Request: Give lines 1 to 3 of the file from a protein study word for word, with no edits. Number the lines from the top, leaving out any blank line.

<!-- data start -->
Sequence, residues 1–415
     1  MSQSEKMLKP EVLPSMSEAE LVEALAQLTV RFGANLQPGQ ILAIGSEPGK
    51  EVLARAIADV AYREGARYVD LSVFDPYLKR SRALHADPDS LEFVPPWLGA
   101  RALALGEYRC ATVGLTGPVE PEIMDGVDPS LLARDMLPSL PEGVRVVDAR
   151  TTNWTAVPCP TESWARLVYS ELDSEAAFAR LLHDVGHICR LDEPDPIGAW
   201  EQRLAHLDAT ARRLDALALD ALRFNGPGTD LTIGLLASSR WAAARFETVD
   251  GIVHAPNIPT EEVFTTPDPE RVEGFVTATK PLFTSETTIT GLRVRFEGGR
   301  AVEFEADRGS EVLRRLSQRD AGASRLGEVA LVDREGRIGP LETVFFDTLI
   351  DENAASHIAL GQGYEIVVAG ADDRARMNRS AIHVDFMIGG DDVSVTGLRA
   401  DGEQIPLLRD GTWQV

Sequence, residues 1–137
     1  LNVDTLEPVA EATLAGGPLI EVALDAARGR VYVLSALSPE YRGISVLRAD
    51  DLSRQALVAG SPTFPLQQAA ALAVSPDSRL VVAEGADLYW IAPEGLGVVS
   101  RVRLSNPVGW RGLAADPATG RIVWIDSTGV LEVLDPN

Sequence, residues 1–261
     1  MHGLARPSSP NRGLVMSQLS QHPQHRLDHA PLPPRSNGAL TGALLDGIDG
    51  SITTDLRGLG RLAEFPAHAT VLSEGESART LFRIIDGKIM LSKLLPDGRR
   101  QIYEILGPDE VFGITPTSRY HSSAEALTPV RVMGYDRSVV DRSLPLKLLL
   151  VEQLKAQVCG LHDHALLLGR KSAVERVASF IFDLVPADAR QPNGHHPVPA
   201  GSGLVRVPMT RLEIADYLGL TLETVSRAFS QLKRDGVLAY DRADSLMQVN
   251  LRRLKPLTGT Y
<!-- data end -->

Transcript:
Sequence, residues 1–415
     1  MSQSEKMLKP EVLPSMSEAE LVEALAQLTV RFGANLQPGQ ILAIGSEPGK
    51  EVLARAIADV AYREGARYVD LSVFDPYLKR SRALHADPDS LEFVPPWLGA